Register to reply

Turbulent heating of water.

by flatmaster
Tags: heating, turbulent, water
Share this thread:
Aug22-14, 07:49 PM
P: 505
I am writing an intro physics problem about a flowing stream. I am going to assume that all of the gravitational potential energy eventually becomes thermal energy of the water. I haven't worked it yet, but I'm pretty sure the flow rate and g will both cancel out and give me a constant change in temperature per unit of elevation change.

Is there a specific name for this phenomenon?

How reasonable of an assumption is this? Some energy must go into eroding rock, making noise, etc.
Phys.Org News Partner Earth sciences news on
Aug22-14, 08:29 PM
P: 840
I'm not sure which phenomenon you're specifically trying to name. Turbulent dissipation? Turbulent heating?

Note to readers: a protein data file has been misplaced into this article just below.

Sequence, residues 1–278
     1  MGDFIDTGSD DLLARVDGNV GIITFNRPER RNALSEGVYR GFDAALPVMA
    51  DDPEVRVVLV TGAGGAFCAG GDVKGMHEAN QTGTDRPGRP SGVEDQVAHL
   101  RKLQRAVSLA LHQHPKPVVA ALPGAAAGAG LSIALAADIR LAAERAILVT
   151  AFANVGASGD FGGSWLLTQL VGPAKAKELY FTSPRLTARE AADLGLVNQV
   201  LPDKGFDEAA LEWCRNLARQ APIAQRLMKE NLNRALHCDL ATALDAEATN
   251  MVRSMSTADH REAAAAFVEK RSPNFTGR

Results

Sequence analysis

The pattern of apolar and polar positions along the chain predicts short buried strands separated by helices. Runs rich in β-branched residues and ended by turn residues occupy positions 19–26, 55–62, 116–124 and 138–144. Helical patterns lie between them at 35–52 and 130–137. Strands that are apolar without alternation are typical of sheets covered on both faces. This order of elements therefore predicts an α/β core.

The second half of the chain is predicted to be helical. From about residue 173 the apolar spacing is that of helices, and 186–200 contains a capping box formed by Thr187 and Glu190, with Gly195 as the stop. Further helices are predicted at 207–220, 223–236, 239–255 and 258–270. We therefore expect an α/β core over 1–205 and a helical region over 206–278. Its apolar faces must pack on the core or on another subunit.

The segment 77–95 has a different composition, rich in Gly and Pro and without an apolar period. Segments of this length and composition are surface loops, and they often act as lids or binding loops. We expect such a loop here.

It doesn't seem that unreasonable for an "idealized" problem. In real life you would have some competing effects that would probably overwhelm the turbulent heating, including the gain in kinetic energy of the stream flow and heat exchange between the stream and the surroundings (especially the atmosphere which also tends to warm with decreasing elevation).

And sure, some energy might be lost to eroding/heating rocks, radiate away as acoustic or seismic waves to eventually heat something else, etc.

Register to reply

Related Discussions
Heating Water Engineering, Comp Sci, & Technology Homework 4
Water heater warms 137 kg water from 20C to 45 C in 16 min. - Heating element resist? Introductory Physics Homework 2
HELP!: heating a pot of water on low or high water. Introductory Physics Homework 4
Heating water Help! Introductory Physics Homework 3
Heating water General Physics 1